1. Nice visual aids, and good observations too. The guy or gal ;) that lands you will be very lucky.

  2. "Probably the same things you said about those who left before you." <--yes

  3. I've told a few people. A sister in my family (not including the one who already left the church - she's known for years, of course) and my wife's sister. Because we are still adjusting to my wife's death, I shudder to tell her parents. Part of me wants to keep pretending to avoid the pain. A big part of me, the one that realizes that this is part of MY coping, wants to rip off the bandaid and get it over with.

    I accidentally swore in the chapel while talking to my EQ president. It was just "what the hell!". We both just laughed it off. Then he sends me and my home teaching companion a challenge to be 100% the rest of the year. My companion (a super busy new doctor) responds with contrition. I just want to tell him to "go to hell!". Ha ha!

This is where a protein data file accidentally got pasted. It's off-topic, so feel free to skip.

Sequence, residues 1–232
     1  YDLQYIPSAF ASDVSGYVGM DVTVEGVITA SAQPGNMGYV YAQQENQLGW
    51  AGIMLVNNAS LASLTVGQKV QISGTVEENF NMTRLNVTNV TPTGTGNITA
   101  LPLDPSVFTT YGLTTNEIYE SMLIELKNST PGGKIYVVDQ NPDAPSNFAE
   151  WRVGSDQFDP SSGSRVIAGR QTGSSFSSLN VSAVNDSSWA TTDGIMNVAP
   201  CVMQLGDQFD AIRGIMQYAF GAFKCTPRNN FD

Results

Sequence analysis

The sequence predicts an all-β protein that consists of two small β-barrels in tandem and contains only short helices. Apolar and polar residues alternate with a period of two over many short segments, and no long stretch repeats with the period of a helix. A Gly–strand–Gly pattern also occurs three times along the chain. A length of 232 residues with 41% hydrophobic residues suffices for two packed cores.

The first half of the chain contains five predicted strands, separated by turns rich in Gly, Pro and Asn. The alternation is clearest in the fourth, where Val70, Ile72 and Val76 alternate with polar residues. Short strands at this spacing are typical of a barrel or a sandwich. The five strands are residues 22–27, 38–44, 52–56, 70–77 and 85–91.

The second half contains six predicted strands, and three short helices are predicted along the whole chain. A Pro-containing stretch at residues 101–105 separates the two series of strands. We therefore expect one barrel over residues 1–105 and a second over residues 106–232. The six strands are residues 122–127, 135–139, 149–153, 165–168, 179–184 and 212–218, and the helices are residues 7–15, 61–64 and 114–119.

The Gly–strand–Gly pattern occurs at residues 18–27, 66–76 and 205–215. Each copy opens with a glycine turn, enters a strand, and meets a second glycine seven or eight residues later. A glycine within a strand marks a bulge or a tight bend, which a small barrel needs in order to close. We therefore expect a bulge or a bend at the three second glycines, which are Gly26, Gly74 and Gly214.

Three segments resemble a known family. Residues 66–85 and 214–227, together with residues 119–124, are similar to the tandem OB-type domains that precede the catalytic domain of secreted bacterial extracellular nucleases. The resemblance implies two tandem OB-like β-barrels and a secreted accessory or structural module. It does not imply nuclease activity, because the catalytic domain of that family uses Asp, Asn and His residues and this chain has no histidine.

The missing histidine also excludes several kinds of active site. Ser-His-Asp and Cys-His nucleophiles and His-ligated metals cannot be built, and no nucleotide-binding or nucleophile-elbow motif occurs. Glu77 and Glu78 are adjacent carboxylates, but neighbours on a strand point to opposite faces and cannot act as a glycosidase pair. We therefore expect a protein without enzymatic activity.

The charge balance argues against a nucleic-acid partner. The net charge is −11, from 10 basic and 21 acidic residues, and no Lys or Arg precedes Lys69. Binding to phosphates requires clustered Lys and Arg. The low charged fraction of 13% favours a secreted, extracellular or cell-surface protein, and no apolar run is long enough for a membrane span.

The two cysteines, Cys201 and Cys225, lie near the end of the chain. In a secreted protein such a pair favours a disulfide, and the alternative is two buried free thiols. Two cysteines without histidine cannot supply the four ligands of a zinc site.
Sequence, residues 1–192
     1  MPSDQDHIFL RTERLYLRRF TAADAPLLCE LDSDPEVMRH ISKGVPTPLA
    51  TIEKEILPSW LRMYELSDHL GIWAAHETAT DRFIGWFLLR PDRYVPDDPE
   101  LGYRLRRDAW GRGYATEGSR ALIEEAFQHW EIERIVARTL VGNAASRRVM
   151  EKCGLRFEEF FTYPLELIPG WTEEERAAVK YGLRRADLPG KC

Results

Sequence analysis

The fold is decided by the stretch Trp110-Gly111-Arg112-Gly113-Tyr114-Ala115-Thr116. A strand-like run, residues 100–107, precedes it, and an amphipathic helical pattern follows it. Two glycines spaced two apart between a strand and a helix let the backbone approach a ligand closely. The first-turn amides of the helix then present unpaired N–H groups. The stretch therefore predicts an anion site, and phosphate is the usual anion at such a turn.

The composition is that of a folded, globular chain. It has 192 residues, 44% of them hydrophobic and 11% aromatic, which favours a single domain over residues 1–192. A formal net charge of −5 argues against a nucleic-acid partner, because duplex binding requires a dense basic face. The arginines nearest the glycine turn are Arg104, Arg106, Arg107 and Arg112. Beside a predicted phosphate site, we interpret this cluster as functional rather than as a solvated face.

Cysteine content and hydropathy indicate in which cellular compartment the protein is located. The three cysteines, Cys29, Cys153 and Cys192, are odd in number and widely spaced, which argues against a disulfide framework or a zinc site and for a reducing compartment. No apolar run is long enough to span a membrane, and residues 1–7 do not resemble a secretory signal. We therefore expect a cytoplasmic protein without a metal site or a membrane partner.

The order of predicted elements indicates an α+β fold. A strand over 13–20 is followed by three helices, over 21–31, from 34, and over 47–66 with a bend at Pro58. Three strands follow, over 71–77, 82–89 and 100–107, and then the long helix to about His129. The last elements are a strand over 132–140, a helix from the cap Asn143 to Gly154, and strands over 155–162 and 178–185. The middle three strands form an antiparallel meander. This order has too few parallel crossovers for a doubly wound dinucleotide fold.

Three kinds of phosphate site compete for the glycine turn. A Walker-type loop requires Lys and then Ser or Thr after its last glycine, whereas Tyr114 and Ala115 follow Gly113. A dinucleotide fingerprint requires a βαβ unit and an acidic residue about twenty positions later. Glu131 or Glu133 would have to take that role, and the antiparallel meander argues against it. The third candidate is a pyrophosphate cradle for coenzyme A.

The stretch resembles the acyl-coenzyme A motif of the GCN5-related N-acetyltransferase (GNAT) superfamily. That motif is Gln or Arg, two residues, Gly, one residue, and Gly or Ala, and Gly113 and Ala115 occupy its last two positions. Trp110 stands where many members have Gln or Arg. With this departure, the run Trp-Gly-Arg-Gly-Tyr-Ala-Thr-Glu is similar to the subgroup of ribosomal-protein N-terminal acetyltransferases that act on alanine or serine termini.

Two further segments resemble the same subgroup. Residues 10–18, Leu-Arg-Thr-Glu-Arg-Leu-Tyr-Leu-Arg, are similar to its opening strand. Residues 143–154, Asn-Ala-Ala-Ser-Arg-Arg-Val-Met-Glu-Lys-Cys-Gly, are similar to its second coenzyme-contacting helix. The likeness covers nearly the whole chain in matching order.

4. I just caught up with your blog, and I see so much of myself in your posts. I'm not Mormon, I'm church of Christ, and at age 24 I feel exactly like you did... that I know absolutely nothing of the world and how to live in it. So many of your stories sound exactly like me. I live in a major city, and quite a few times I've driven downtown and thought about trying to enjoy the nightlife, but I don't even know where to begin, so I just get back in my car and drive back home. When I was 18 and home alone for the evening, I poured a small glass of whiskey that my mother had had for cooking, and it just sat on the counter as I stared at it, trying to get up the courage to drink it before finally pouring it down the sink. I'm so glad I found this blog, it has been inspirational... I'm glad I'm not the only one who WANTS to experience the world but doesn't really know how.

  5. Good article I find it fascinating the life a Mormon has to live by example of religious requirements. I'm not Mormon but just today two female Mormons came over to speak with other family members starting up life in Mormonism. I was curious to how they live and what kind of lifestyle they have in regards.
    They seem bubbly and very polite every time they say hello, but I sense an absence for a shared view of reality?
    Thanks to your insightful blogs I can gain a greater understanding of your experiences of your previous past time. Thanks!